“This study highlights the challenges in trying to work out exactly what diet is most healthy for the heart. It involved over 43 thousand men who filled out a questionnaire on their diet every four years. This is a common approach but it is very hard to accurately measure exactly what people eat and questionnaires such as this provide only a rough estimate. However, since the same issues apply for all participants, this approach is able to detect differences between groups of people who indicate they have different diets, although the exact amount of each food type, and the effect of this on health, can only be an estimate.
“The study asks two questions; is red meat consumption associated with a higher risk of heart attack, and if so, what is the healthiest option to replace the meat with?
“In line with several other studies, people who consumed more red meat had around a 1.1 times higher risk of heart attack (about a 10% increase in relative risk). This means that if someone’s risk of having a heart attack would normally be 10% in ten years, eating red meat once a day would increase it to 11%, if the relationship is causal.
“This study also suggests that if someone eats a portion of plant based protein (soy, nuts, legumes, etc), their risk may be reduced by 0.8 times; if their risk was 10% normally, this would be reduced to 8%, if the relationship is causal.
“The study findings are consistent with other evidence showing that people who eat red meat are somewhat more likely to have heart attacks, and in my view justifies a recommendation to reduce the amount of red meat we eat, and replace this with plant-based proteins especially given other benefits (such as on the environment) by such alterations.”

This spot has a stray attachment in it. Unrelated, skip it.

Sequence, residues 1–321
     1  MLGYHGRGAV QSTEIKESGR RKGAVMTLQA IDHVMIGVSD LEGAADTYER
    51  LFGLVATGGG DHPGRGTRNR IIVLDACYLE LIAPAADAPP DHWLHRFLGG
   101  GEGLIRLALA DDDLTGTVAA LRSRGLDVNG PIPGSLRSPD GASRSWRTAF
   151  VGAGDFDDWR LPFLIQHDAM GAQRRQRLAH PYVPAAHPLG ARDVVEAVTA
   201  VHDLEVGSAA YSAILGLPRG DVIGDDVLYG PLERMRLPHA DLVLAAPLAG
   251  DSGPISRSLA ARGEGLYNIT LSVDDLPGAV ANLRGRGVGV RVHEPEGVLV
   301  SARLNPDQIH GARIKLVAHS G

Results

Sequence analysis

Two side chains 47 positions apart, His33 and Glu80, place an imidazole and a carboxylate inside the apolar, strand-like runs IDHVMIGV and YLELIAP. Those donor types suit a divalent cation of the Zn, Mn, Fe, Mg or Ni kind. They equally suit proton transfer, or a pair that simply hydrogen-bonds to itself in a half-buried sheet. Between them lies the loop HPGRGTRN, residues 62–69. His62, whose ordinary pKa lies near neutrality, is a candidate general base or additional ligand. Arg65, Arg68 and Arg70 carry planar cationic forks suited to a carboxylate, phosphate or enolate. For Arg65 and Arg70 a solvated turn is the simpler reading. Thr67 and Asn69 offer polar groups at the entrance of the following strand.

Prof Tom Sanders, Professor Emeritus of Nutrition and Dietetics, King’s College London, said:
“This is a carefully conducted observational study US health professionals by a group with great experience. Total red meat (e.g. beef, pork, lamb and meat products made from them) was associated with a greater risk of getting coronary heart disease (CHD). The finding was replicated for unprocessed and processed meat and remained significant after statistical adjustment for known risk factors (e.g. smoking habit, family history etc). Further modelling was undertaken and showed that replacing red meat with dairy products (both high and low-fat varieties), nuts, legumes including soy, and plant-based proteins was associated with a significantly lower risk. Interestingly, replacing red meat with poultry or fish (except for oily fish) was not significantly associated with lower risk. Neither was their any clear effect of replacement with eggs.
“It is a modelling exercise looking at substitution of red meat. It is not a trial. Individuals did have multiple assessments of diet over the 30 year follow-up. The caveat is that it was a modelling exercise: they look at what individuals are instead of red meat as well as other aspects of diet e.g. trans fatty acids.
“It is uncertain why red meat consumption was associated with increased risk of CHD. The authors suggest it may be due to effects on LDL cholesterol. However, high blood cholesterol was less prevalent in the men with the highest intake of red meat than in those with the lowest intake. Furthermore, the effect of red meat on blood LDL cholesterol levels in controlled feeding trials is small and unlikely to explain the size of the risk reduction reported. The authors, however, do suggest that the overall dietary pattern may be important i.e. high red meat intake is associated with lower intakes of other foods such as fruit and vegetables and whole grains. There is growing evidence for another mechanism by which red meat may increase risk of CHD, especially when the intake of fibre is low; high red meat intake increases the production of trimethylamine oxide by the gut microflora which when absorbed causes damage to the lining of blood vessels.
“The main limitation of this study is that this was a health-conscious cohort of predominantly white men who were not obese. The findings provide support for dietary advice to reducing red meat consumption and replacing it with plant protein sources as well as milk products.”
‘Red meat intake and risk of coronary heart disease among US men: prospective cohort study’ by Laila Al-Shaar et al. was published in the BMJ at 23:30 UK time on Wednesday 2 December 2020.
Aygul Dagbasi: “No COI to declare.”
Dr Ian Johnson: “No conflicts to declare.”
Prof Tim Chico: “No conflicts.”
Prof Tom Sanders: “Member Science Committee British Nutrition Foundation, Honorary Nutritional Director HEART UK.”